"Never doubt that a small group of thoughtful, committed citizens can change the world; indeed, it's the only thing that ever has." -Margaret Mead

Tuesday, June 19, 2012

Day 27 – 18 June 2012

Monday was our last day in the village. Although I wouldn’t really call it a day since we left before 10 am. On today’s agenda, we planned to load up our vehicle, visit a mining company who would possibly be our first major client, and say goodbye to people who had helped us throughout our stay.

George showed up to pick us up nearly an hour before we anticipated; a huge relief, given that he is sometimes an hour late. After breakfast and some last minute packing, we loaded the vehicle and followed Nana, Pastor Kofi, and Degraft (who were all in one car) to the mines. We had met a manager of the mines during our ceremony last Saturday and he had mentioned the possibilities of a partnership between PPF and the mine. We brought with us 10 of the bags of sachets we produced the night before.

We eventually found our way to a conference room, meeting with the director of the mines and some other important leaders; who, I think, were all Australian. We spent about half hour explaining the structure of PPF, both the sachet and sawdust projects, the communities role, and the partnership with the University of Texas. The men seemed pleased with our presentation and looked interested in working with PPF, most likely as another funder of community projects.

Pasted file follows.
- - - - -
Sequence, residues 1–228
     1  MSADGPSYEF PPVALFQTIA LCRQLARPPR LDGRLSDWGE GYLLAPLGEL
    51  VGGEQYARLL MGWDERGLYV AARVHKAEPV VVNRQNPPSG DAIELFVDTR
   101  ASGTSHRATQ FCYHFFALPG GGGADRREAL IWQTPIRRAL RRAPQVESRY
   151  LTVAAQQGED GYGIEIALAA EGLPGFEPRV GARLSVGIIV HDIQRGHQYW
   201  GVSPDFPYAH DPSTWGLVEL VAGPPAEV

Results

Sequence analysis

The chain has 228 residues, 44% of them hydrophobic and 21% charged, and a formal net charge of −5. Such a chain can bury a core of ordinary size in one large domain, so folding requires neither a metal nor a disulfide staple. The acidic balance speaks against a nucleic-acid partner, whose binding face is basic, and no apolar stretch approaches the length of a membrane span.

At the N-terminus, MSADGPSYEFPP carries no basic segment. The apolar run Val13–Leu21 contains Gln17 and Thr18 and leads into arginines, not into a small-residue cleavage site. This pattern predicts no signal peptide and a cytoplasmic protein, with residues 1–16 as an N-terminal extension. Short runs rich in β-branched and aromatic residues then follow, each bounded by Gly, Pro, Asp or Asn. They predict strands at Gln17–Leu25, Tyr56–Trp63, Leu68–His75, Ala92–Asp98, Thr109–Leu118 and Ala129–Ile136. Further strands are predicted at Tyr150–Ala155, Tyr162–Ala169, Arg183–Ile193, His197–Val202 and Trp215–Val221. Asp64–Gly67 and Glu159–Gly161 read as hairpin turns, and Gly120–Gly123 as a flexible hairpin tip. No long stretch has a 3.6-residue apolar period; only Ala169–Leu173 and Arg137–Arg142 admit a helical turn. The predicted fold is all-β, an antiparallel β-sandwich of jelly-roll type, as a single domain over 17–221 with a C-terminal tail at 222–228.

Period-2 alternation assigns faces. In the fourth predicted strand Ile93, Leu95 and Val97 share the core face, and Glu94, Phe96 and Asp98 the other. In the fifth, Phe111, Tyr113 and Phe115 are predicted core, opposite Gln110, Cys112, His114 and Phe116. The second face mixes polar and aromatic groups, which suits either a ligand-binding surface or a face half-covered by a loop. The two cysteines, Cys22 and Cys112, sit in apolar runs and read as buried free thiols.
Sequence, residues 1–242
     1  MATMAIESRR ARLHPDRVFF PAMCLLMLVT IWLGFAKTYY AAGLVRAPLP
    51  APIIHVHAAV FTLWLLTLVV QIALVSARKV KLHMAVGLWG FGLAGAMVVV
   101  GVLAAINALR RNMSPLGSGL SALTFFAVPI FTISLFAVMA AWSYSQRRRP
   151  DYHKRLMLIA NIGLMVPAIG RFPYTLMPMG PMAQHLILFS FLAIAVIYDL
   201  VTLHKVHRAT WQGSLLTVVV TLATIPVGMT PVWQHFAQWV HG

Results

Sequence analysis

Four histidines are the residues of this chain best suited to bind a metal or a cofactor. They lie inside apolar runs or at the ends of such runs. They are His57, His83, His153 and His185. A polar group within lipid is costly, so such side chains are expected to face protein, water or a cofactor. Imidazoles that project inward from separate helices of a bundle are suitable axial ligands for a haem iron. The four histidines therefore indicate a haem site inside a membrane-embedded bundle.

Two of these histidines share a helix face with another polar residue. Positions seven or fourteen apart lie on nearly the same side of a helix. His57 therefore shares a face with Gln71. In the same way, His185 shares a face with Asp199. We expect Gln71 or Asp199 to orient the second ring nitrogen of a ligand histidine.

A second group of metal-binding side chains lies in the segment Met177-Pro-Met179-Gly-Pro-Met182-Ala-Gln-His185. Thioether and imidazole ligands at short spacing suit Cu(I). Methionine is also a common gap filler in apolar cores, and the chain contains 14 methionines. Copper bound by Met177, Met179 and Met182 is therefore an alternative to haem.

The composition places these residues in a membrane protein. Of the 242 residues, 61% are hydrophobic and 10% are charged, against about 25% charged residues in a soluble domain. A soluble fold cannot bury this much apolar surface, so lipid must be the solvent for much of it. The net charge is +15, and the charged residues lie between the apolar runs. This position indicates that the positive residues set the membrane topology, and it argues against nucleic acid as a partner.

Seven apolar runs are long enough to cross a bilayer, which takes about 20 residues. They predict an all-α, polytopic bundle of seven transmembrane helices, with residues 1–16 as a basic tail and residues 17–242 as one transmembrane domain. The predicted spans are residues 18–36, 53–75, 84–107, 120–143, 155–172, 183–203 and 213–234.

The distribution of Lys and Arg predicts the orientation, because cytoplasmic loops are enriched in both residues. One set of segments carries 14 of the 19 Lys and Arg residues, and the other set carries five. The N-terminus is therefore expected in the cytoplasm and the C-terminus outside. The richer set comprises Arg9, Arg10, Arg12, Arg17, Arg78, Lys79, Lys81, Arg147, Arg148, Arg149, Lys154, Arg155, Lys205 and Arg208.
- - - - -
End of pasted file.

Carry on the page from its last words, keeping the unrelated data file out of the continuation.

After the successful meeting, we followed Nana’s car for one final surprise. They led us in the middle Konongo Market to a seamstress’s shop. They told us that, as a gift from the community, we would be given traditional clothing. Jeseth and Kim received traditional dresses, while Gordon and I each received a shirt. My shirt is an array of blue and green patterns, with white outline, and gold colored stitching.

After these exchanges of gifts, we said our final goodbyes to Nana Kontihene, Pastor Kofi, and Degraft, and drove away towards Accra. In Accra, Gordon will be dropped off at the airport to catch his flight back to Texas. Kim, Jeseth, and I will catch a bus to the eastern highlands of Ghana for personal touring. We plan to spend a week visiting waterfalls, mountains, a monkey sanctuary, and spending some quality time on an isolated beach. I probably won’t blog about any of that since it is my break from the project and summer school. I plan on writing one final article when I get back, reviewing the whole project and updating the blog with pictures.

Yebishe Byo,

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